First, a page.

PAS leader Mat Sabu says Waytha Moorthy is a Malaysian citizen and as such he should be issued a passport to return home.
GEORGE TOWN: PAS deputy president Mohamad Sabu and political activist BK Ong today called on the Putrajaya administration to issue a passport to Hindraf Makkal Sakti P Waytha Moorthy to allow him to return home.
The PAS leader, also known as Mat Sabu, said the London-based Waytha Moorthy should be allowed to return to the country safely given that the Hindraf leader has always a Malaysian citizen.
“As a citizen, one should be allowed to return.
“He is not an underground guerilla leader, but was merely a human rights activist,” Mat Sabu told FMT here today.
He said he would have no qualms if the federal government refused to issue a passport to Waytha Moorthy if he was ever a militant, who had waged a war against the country and the King.
“However, this is not a case here.
“Waytha Moorthy fought for ethnic Indian rights and staged a few peaceful demonstrations to highlight his community’s plight.
“To me, that’s not criminal offence. It was within his rights.
“Putrajaya government should give him a passport to facilitate his safe return,” he said.
Malaysian Election Observers Network (Meonet) chief BK Ong concurred that from the human rights point of view, it was within the Hindraf supremo’s citizenry rights to return safely to his country without much hitch.
“The Malaysian government is obligated to issue a passport to him.
“It’s within his citizenship rights stipulated under Universal Declaration of Human Rights, in which Malaysia is a signatory,” he told FMT.
Waytha Moorthy left the country on Nov 28, 2007, three days after Hindraf organised a mammoth rally at KLCC.
In the aftermath of the rally, police cracked down on the ethnic Indian rights group and detained Waytha Moorthy’s brother Uthayakumar and several others without trial under the now repealed Internal Security Act.
Waytha Moorthy, who stayed overseas since then , obtained political asylum and a five-year valid British travel document after his Malaysian passport was revoked by Putrajaya in March that year.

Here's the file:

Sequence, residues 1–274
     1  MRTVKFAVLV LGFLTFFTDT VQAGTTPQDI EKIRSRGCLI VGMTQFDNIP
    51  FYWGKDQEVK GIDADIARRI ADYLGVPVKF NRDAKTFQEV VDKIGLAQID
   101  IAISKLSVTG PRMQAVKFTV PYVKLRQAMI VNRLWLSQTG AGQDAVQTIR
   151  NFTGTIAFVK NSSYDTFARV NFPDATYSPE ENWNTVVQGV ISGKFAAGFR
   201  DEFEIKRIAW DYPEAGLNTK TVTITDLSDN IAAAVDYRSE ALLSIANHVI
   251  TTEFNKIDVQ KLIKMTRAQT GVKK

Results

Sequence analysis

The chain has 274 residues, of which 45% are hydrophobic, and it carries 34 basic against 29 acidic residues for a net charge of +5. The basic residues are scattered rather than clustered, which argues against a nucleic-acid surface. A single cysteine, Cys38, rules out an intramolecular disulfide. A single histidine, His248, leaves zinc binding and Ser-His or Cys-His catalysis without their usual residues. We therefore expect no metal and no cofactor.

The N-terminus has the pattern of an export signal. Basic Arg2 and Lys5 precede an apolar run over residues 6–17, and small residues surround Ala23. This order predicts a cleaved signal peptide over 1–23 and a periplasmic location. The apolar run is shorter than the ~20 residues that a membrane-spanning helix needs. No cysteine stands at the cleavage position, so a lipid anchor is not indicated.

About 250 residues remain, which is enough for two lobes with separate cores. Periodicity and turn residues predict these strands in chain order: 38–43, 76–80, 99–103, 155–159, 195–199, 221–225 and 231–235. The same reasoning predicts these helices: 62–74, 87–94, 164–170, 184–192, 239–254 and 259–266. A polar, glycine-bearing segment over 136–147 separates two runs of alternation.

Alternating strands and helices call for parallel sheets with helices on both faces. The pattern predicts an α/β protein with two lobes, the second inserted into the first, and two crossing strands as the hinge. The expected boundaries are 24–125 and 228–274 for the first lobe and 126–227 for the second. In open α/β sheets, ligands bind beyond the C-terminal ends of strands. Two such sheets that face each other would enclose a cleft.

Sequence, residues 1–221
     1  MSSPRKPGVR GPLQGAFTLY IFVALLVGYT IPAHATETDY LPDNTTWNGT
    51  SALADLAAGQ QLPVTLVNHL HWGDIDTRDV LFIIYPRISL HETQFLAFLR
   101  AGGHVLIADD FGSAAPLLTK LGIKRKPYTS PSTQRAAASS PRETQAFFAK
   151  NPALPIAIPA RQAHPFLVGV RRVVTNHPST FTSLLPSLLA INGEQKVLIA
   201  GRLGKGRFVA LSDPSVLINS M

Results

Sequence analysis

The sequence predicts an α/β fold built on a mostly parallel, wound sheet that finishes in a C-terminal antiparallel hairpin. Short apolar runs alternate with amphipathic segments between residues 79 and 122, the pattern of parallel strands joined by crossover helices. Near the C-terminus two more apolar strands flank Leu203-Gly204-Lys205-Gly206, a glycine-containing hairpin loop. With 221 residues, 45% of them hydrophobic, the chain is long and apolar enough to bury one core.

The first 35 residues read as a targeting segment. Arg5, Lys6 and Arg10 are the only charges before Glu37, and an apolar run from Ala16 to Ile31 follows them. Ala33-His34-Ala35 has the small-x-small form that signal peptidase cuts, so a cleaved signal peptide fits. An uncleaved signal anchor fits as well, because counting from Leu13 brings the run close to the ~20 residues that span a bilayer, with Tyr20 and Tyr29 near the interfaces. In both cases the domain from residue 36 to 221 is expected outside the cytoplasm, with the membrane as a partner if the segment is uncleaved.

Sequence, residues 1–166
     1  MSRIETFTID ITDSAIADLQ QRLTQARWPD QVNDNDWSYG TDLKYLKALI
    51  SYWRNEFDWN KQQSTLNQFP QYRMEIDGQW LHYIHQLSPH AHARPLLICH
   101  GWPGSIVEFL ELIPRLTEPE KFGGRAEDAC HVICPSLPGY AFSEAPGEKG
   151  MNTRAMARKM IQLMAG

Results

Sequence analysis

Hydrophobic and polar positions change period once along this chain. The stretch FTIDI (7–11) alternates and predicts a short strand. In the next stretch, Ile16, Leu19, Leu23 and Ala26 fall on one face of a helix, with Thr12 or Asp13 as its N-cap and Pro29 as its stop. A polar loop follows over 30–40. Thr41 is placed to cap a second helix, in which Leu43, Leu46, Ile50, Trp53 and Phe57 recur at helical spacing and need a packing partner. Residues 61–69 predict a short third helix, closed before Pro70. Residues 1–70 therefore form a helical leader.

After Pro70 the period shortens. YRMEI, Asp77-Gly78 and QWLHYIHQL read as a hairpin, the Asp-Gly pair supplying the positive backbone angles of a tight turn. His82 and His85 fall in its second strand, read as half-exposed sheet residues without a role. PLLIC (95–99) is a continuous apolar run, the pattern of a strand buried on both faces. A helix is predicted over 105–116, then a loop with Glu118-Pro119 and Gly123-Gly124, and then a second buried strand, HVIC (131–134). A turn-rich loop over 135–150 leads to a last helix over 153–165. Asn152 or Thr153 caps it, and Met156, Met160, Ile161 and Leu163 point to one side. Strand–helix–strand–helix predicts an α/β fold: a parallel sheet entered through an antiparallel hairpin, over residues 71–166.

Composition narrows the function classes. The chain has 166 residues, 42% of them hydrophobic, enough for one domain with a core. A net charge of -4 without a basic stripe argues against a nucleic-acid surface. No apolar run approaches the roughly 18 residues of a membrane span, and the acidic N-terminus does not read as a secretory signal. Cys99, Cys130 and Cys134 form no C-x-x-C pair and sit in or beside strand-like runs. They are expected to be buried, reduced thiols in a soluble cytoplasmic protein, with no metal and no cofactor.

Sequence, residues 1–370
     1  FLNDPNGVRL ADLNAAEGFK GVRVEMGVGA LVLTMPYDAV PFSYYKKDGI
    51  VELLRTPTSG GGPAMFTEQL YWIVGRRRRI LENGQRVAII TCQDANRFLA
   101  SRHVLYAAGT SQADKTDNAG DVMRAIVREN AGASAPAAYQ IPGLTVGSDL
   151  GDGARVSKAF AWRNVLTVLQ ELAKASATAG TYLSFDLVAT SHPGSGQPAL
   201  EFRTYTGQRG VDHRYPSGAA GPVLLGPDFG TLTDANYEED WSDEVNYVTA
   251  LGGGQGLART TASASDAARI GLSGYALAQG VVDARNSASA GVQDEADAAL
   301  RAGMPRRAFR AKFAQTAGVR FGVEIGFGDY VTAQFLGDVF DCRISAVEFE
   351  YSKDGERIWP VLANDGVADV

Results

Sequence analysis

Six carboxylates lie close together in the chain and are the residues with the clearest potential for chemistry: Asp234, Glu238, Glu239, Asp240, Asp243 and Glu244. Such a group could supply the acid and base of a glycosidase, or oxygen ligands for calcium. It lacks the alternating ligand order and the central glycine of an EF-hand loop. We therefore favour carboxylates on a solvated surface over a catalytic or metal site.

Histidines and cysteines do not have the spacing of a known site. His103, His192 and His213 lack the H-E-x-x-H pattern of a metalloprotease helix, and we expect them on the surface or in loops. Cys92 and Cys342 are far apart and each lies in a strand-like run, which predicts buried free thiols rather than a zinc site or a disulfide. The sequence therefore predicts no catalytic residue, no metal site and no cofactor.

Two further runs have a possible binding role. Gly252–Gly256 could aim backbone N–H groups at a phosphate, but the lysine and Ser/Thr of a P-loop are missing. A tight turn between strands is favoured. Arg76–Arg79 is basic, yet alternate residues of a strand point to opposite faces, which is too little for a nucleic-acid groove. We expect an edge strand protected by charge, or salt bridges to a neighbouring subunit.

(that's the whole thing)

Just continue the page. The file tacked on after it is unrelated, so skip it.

The travel document was issued on Sept 8, 2008 by the British government under the Geneva Convention
Waytha Moorthy announced that he would return to Malaysia on Aug 1 after he had re-filed Hindraf’s trillion-dollar class action suit against the former colonial British government at London Courts on July 2.
The suit seeks justice from the British government for abandoning ethnic Indians at the mercy of perceived racist Umno regime when Malaya gained independence in 1957.
When his passport was revoked, it is learnt that Putrajaya had informed the Downing Street that Waytha Moorthy was wanted for criminal charges in Malaysia.
Waytha Moorthy however, is clueless until today on the charges since Putrajaya had not issued any extradition order to London on him.
“I am not aware of the exact criminal charges that I would face,” he told FMT.
Mat Sabu also called on the Putrajaya to clear the air the Waytha’s possible charges.
He said Prime Minister Najib Abdul Razak should walk his talk on his political transformation plan by allowing Waytha Moorthy to return home without the threat of prosecution.
“Being the transformer of the transformation, Najib should allow a human rights activist and Malaysian citizen to return to his rightful country,” he stressed.